Saturday April 20, 2019

Government to increase pictorial warnings on tobacco products

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By NewsGram Staff Writer

In order to reduce the consumption of tobacco, the government on Friday assured the Lok Sabha that it would increase the size of the pictorial warning on all the tobacco products.

Earlier, two of the BJP members of the parliamentary panel had made the controversial remarks, questioning that if there is a link between smoking and cancer.

However, to prevent the criticism for keeping a hold on the decision on larger pictorial warnings, the health minister J P Nadda said, “The government will see to it that the size of the health warnings on the tobacco products increases.”

“There is a direct relation between the consumption of tobacco and cancer. The ministry is consistent and crystal clear in its efforts to reduce tobacco consumption. We will go ahead once the panel submits its report,” added Nadda as the opposition members attacked the government in Lok Sabha over the statements made by the BJP members of the Parliamentary Committee of Subordinate Legislation.

As of now the government has put a hold on the decision, which will make it mandatory for tobacco firms to have 85 per cent pictorial warning on tobacco products. Earlier, this rule was supposed to come in effect from April 1.

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Kicking the Habit of Smoking Works Best in Pairs: Study

Lampridou noted that research is needed to confirm the findings in smokers who are otherwise healthy

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A person smoking cigarette, Pixabay

Is addiction not letting you quit smoking? Relax. A new study suggests that kicking the habit works best in pairs. The study, presented at EuroPrevent 2019, showed that couples who attempted to stop smoking together had a six-fold chance of success compared to patients who attempted it alone.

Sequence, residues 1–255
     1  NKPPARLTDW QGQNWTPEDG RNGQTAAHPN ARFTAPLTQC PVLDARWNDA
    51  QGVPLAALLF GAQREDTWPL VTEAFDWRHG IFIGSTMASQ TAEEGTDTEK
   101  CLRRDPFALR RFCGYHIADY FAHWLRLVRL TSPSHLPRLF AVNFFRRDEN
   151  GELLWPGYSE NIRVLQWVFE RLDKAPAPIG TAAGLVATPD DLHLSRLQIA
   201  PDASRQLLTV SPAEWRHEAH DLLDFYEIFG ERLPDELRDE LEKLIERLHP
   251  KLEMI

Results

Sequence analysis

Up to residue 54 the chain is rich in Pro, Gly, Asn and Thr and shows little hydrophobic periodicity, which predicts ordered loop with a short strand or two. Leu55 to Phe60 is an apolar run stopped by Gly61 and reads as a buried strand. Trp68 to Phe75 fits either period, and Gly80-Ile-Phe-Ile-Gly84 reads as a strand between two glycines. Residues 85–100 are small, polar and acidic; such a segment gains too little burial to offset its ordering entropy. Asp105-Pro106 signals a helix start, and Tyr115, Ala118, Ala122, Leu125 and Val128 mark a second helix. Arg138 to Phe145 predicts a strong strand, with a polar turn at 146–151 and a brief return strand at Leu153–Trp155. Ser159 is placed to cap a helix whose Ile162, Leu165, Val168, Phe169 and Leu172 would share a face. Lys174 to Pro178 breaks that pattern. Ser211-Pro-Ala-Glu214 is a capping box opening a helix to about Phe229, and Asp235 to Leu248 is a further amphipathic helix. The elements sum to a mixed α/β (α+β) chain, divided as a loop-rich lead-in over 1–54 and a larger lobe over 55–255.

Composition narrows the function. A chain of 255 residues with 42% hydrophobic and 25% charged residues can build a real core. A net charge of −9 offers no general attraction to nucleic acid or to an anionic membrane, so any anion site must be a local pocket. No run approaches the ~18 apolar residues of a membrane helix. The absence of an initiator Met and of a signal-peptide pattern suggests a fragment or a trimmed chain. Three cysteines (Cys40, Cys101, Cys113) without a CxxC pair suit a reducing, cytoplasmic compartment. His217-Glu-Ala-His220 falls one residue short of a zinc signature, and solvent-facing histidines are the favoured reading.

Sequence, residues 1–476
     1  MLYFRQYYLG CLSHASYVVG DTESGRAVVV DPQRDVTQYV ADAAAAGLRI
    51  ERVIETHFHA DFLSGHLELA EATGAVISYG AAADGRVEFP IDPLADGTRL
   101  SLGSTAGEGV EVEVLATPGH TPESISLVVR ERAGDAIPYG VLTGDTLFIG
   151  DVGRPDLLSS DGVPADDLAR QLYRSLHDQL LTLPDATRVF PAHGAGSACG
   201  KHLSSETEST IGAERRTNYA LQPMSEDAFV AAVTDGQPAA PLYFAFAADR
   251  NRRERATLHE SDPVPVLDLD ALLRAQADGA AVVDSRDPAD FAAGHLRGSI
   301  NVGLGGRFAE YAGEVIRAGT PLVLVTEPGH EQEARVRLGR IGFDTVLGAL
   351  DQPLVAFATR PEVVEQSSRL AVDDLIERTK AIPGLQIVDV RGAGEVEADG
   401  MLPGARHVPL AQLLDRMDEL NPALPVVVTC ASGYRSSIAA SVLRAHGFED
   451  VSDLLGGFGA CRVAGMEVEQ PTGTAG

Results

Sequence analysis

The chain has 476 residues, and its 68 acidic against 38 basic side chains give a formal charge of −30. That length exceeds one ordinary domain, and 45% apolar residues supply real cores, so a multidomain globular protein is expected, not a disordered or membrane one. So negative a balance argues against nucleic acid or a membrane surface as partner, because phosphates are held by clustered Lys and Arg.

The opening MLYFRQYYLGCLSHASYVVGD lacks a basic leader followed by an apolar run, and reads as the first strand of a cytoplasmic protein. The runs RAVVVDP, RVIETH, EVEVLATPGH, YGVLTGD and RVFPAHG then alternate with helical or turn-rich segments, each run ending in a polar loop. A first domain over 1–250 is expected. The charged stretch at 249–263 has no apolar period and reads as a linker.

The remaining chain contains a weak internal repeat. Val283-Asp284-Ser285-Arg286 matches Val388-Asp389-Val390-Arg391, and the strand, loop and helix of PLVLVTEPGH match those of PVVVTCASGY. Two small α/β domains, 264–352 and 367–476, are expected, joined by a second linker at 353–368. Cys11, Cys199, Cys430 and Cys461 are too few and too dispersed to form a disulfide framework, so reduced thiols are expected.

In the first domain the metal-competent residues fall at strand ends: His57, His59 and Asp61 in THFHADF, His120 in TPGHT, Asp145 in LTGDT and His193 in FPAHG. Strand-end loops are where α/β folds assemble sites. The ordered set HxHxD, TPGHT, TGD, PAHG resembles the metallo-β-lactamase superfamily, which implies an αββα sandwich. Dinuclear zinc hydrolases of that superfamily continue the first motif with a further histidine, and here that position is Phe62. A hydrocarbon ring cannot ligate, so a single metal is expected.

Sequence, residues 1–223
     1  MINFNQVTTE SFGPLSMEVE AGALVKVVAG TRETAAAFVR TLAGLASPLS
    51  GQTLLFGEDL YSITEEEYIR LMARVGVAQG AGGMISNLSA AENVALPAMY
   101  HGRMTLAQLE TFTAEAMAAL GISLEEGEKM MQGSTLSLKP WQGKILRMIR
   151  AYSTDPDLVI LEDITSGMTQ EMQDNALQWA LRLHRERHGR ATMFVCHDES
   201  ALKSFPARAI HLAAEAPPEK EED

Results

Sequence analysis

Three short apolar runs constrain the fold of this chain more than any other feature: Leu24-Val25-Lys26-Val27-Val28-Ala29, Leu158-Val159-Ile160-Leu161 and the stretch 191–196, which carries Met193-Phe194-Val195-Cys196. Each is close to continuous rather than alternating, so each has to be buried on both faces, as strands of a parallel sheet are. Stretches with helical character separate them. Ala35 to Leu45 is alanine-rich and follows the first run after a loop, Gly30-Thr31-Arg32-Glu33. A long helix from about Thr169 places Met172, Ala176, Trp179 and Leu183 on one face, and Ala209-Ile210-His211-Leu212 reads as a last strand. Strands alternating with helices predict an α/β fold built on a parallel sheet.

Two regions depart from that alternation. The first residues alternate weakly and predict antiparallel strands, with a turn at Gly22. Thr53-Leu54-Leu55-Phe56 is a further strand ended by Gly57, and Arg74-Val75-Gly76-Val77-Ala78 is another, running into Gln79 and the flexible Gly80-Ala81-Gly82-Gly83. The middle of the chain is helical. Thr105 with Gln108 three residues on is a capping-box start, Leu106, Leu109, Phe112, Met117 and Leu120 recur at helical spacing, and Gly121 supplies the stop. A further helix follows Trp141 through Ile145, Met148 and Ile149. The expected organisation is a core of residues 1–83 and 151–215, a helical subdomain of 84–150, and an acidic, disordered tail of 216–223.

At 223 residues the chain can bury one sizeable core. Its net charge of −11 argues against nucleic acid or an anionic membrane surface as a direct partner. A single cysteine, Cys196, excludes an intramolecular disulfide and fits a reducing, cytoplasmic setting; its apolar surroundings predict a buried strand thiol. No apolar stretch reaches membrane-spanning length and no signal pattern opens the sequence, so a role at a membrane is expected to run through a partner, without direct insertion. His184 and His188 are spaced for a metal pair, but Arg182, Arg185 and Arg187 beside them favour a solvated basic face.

“Quitting smoking can be a lonely endeavour. People feel left out when they skip the smoke breaks at work or avoid social occasions. On top of that, there are nicotine withdrawal symptoms. Partners can distract each other from the cravings by going for a walk or to the cinema and encouraging replacement activities like eating healthy food or meditating when alone. Active support works best, rather than nagging,” said Magda Lampridou, Researcher from the Imperial College London in Britain.

For the study, the researchers evaluated the supporting role married or cohabiting partners might have in smoking cessation and enrolled 222 current smokers who were at high risk of cardiovascular disease or had suffered a heart attack.

Burning Cigarette. Wikimedia

The couples attended preventive cardiology programmes and during the 16-week programme, they were offered nicotine replacement therapy with patches and gum. In one programme, participants could choose the prescription drug, varenicline instead.

At the end of the programme, the findings revealed that 64 per cent of patients and 75 per cent of partners had quit smoking compared to none and 55 per cent in the beginning.

Also Read- Men Act Way Less Interested in Sex Than They Really Are, Suggests New Research

European Society of Cardiology (ESC) cardiovascular prevention guidelines advise against tobacco in any form and people who stop smoking generally halve their risk of cardiovascular diseases.

Lampridou noted that research is needed to confirm the findings in smokers who are otherwise healthy. (IANS)